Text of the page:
Red bite marks next to Hudson McPherson’s right eye following a biting incident at Little Paws Daycare Centre. According to Hudson’s mother, Carol Gillard, he has been bitten 12 times by the same child while attending the centre. (Facebook photo)

Red bite marks next to Hudson McPherson’s right eye following a biting incident at Little Paws Daycare Centre. According to Hudson’s mother, Carol Gillard, he has been bitten 12 times by the same child while attending the centre. (Facebook photo)

Mom concerned after multiple biting incidents reported at Okanagan daycare

Parents upset that biting was allowed to continue for so long

Accounts of more than 50 biting incidents over the course of a year at a Penticton area daycare has parents asking questions why it took so long to address.

A recent post on the Penticton Indian Band (PIB) Facebook by Jacki McPherson reveals that her grandson, Hudson McPherson, 2, has been repeatedly bitten while attending the Little Paws Children’s Centre run by the PIB. Her post featured pictures of the young boy with red bite marks around his eyes, arms, hands and ears.

Bite marks on Hudson McPherson’s left ear after a biting incident at the PIB daycare. Photo from Facebook

Hudson’s mother, Carol Gillard, said he has been attending the centre for about a year and was bitten by another child within the first month. Initially, she and her husband were not concerned, but as the biting continued they felt the problem was not being properly addressed.

“After the second and the third time, it progressively got worse. In total, Hudson has been bitten around 12 times, seven times breaking the skin and leaving marks on his body,” said Gillard. “After the fourth or fifth time we had talked to the daycare, and they assured us that there was going to be smaller groups and that they were going to keep Hudson and (the biter) separated.”

Particularly red bite marks on Hudson McPherson’s right arm after a biting incident at the Little Paws Daycare Centre. Photo from Facebook

Things came to a head when the centre called a meeting in September 2018 to speak to the parents and address the biting concerns. It was there that Gillard and the biting child’s guardian, who will not be identified to protect the identity of the child, learned just how serious the situation had become.

“We were taken aback when we were called as a family to the daycare centre to talk about some biting behaviour. At that time, we were only aware of two incidents,” said the child’s guardian. “After we sat down at this meeting, we were informed that there had been, in fact, 52 biting incidents. We had only been notified of two of them from the period January 2018 to September 2018.”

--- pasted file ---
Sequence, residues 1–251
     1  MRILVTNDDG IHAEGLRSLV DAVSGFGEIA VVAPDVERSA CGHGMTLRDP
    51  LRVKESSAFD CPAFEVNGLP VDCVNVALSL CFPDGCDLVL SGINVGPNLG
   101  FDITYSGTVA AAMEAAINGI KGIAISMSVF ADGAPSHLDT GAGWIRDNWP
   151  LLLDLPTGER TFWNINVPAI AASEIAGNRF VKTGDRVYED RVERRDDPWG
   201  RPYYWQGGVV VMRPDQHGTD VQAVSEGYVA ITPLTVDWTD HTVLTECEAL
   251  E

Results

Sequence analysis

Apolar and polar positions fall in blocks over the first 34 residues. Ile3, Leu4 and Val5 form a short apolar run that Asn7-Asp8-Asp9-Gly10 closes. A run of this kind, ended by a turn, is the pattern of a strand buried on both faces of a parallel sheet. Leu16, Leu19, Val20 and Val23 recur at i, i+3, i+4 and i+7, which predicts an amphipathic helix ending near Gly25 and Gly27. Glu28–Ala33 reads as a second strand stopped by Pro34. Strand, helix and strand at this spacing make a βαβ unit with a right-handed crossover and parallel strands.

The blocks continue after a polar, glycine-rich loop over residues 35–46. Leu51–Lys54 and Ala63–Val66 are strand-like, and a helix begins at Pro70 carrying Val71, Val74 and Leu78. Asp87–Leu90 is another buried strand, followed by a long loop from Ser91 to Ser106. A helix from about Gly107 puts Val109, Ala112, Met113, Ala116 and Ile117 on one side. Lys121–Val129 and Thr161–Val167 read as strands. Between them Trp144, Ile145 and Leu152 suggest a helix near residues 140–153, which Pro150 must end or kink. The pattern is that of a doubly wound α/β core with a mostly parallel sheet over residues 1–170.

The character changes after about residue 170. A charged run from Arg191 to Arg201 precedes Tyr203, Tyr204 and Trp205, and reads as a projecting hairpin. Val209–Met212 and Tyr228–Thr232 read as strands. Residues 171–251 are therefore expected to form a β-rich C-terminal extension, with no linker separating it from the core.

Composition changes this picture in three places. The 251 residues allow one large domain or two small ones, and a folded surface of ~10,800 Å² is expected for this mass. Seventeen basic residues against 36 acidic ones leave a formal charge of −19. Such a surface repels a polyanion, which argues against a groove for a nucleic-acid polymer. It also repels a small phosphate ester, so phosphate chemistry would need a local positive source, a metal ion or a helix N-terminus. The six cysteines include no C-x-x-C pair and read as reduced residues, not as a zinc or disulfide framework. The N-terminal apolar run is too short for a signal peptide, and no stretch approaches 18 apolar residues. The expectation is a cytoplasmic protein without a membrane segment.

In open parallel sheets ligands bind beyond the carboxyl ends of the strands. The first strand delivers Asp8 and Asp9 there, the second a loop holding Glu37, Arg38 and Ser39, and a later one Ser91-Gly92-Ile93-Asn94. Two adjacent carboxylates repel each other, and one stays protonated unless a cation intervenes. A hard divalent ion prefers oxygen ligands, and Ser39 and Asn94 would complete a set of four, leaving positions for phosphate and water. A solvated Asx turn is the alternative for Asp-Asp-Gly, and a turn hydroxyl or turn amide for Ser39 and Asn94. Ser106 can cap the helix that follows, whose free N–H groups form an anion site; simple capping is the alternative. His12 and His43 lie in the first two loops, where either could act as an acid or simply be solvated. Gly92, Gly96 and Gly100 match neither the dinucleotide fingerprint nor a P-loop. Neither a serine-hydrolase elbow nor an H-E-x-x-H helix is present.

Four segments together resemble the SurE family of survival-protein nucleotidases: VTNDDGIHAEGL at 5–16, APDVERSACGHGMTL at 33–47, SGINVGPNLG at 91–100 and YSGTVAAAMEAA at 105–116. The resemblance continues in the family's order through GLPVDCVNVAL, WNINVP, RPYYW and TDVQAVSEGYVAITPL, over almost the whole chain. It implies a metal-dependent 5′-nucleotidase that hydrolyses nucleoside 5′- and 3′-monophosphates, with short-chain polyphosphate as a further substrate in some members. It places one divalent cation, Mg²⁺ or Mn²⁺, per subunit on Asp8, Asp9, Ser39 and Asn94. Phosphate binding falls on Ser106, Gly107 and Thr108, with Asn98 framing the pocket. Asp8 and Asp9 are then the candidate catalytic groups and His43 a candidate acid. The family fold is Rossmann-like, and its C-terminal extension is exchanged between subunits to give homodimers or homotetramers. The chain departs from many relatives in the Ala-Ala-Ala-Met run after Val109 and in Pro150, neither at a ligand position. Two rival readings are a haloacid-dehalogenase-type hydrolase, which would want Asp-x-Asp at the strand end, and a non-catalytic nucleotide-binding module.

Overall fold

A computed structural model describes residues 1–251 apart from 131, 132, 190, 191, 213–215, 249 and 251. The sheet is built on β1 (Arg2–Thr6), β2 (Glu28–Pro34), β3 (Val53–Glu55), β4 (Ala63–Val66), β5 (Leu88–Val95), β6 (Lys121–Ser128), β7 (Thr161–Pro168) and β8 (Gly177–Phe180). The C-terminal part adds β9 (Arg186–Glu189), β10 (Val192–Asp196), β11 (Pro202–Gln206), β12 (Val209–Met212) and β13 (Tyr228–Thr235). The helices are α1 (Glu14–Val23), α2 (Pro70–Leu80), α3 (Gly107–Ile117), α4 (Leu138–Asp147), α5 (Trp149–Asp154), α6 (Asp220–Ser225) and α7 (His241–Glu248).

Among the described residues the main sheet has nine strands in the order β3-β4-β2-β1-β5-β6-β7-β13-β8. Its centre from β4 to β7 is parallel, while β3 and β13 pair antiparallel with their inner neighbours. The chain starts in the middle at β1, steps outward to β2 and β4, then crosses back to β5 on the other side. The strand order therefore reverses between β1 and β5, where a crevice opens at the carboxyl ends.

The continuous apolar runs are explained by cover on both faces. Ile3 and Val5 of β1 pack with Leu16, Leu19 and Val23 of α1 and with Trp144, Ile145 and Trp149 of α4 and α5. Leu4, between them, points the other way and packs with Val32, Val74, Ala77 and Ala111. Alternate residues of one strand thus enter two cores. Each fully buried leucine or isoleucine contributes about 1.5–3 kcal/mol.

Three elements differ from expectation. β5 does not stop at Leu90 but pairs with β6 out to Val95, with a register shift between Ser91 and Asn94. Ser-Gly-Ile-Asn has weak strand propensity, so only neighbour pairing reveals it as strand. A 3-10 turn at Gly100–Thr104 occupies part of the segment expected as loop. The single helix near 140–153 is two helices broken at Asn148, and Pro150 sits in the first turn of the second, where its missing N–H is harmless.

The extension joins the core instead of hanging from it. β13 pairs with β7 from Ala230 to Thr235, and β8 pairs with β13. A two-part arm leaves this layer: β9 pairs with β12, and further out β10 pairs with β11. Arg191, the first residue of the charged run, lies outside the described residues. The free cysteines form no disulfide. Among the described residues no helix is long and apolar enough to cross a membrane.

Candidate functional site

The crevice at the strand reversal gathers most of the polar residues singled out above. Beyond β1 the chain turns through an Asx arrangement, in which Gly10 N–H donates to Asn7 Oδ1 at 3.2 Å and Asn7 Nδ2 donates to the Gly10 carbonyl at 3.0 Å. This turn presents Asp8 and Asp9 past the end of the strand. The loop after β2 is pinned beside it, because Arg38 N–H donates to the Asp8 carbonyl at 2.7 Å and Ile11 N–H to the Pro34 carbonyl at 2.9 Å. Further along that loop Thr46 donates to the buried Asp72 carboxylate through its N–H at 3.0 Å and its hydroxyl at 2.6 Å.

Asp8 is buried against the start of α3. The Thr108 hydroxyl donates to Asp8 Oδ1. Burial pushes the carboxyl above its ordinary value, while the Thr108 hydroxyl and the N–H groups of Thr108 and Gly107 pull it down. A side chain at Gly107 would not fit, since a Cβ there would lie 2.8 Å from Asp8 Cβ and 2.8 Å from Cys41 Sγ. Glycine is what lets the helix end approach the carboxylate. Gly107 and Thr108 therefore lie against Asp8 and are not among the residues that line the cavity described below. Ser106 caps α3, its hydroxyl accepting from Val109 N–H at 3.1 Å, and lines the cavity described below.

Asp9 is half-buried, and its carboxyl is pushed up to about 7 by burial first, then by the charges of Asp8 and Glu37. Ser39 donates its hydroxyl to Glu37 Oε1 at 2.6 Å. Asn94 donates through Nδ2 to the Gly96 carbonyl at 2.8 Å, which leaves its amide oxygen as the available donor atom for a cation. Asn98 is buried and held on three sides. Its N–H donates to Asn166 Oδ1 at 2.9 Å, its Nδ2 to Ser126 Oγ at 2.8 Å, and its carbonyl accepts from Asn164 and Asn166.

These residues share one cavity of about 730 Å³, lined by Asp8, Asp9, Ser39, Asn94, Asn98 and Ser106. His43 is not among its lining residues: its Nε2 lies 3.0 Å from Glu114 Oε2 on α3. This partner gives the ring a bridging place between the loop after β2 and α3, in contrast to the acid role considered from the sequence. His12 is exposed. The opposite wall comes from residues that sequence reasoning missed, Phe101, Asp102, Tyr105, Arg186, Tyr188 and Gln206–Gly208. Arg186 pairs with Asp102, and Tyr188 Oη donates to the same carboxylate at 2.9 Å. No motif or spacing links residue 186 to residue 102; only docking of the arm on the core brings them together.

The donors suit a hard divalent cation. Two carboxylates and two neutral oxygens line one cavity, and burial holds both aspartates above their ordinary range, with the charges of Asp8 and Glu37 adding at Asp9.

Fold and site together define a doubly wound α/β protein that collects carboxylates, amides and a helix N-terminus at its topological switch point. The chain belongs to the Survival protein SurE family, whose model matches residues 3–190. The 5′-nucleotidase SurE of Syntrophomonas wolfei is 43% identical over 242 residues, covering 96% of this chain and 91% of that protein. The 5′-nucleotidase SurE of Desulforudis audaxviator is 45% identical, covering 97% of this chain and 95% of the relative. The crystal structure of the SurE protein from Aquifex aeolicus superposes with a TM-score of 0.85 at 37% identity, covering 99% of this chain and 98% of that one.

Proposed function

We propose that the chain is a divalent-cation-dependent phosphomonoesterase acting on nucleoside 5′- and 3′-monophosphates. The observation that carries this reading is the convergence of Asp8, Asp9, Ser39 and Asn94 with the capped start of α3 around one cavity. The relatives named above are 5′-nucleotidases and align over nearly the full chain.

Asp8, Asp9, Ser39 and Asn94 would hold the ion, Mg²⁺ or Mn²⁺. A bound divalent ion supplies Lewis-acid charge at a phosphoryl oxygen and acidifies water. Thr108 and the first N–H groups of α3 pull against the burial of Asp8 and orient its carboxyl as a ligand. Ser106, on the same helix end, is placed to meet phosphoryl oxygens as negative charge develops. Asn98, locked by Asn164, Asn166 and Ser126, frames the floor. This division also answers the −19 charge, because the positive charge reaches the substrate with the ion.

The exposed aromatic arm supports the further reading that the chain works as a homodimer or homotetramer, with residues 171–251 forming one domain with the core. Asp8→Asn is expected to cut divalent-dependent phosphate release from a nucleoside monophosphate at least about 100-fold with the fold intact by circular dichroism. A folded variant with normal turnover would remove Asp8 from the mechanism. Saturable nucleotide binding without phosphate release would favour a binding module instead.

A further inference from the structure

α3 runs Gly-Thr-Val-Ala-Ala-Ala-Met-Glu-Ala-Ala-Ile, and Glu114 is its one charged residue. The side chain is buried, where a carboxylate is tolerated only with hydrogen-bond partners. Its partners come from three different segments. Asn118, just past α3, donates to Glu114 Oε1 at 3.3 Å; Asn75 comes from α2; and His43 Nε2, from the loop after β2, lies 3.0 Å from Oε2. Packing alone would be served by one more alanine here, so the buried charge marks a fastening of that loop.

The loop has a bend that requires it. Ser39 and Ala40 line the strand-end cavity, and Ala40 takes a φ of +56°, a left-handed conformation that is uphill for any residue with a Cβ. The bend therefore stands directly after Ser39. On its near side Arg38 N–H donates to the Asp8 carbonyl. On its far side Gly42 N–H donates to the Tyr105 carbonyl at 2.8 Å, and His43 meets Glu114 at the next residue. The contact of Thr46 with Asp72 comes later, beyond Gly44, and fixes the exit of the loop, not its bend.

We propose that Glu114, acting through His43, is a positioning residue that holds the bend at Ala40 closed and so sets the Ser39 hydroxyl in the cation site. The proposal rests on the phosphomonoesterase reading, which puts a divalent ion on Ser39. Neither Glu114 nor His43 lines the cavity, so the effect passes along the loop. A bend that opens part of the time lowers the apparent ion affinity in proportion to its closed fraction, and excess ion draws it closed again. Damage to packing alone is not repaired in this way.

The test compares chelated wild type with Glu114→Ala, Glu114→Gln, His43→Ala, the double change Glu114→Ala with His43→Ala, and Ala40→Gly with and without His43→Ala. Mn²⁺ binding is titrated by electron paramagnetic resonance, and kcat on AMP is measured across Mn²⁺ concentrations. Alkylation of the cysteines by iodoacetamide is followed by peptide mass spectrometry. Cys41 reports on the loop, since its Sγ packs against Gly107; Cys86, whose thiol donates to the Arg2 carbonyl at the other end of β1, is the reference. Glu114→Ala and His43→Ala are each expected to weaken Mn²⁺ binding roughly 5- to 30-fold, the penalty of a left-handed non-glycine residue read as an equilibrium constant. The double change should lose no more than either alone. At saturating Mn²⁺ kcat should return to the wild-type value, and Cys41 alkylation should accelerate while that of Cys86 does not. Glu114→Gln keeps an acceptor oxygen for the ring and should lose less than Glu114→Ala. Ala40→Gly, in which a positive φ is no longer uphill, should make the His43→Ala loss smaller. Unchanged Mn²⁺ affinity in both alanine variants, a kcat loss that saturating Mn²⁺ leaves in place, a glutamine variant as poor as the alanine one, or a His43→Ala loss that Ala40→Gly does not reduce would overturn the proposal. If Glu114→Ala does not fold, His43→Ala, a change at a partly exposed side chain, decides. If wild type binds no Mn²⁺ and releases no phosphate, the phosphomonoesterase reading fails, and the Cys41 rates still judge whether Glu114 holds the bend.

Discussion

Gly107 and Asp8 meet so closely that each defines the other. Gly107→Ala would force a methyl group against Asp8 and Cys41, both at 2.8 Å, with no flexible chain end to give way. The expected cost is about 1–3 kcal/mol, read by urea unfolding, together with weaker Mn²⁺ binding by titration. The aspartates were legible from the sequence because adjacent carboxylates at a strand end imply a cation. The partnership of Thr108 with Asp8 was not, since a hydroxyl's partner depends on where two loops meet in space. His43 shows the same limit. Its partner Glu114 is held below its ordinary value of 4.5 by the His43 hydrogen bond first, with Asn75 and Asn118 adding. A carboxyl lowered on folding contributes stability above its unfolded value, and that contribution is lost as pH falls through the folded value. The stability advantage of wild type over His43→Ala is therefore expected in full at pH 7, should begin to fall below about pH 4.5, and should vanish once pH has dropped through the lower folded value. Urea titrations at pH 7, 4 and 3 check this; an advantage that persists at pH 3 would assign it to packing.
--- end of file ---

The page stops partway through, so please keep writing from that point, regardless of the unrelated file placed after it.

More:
The guardian said this child never exhibits biting behaviour at home so they were shocked to learn it was such a problem while at daycare. According to the guardian, the child is under the supervision of the Ministry of Child & Family Development (MCFD) “which means any scratch, any injuries or any concerns we by law have to report to MCFD.”

“During the Sept. 5, 2018, meeting with the daycare, we asked for the written documentation/incident reports of the 52 incidents and the daycare could not provide them to us. We were very frustrated because we felt that late notice of an obviously concerning behaviours was completely unacceptable,” said the guardian.

Gillard said following the meeting the daycare enacted a policy that if a child bites three times in one week, they are dismissed from the centre. The week of Feb. 11, the child had bit three times, two of the incidents involving Hudson. Another incident occurred Feb. 15.

On Sunday, Feb. 17, the guardian received an email from the daycare stating the child would no longer attend as of Feb. 19, until a “variance was received for the child to be moved upstairs to the three- to five-year-old room” which would take up to four weeks.

The guardian took the family’s concerns to the PIB Chief and council to address the issue. Due to a conflict of interest with the case, Chief Chad Eneas excused himself from the proceedings before the family spoke with the council.

“Council informed us that they could make recommendations to the CAO and the HR (human resources) director – and that was all they could do.”

The daycare later was in contact with the HR director and the child’s MCFD social worker to allow the child to return to the centre. The child now receives one-on-one support at the daycare centre to curb the behaviour, but both the guardian and Gillard are upset it continued for so long.

“It took one or two hours of daycare staff time to make the call to MCFD to have adequate supports put in place for our child which would ensure that none of the children were bitten – my question is why was this call not made before Feb. 20, 2019?”

The PIB and daycare did not return multiple requests for an interview by publication deadline Tuesday. The MCFD did not wish to comment in order to protect the identity of the child under their care.

To report a typo, email: editor@pentictonwesternnews.com.

Jordyn Thomson | Reporter
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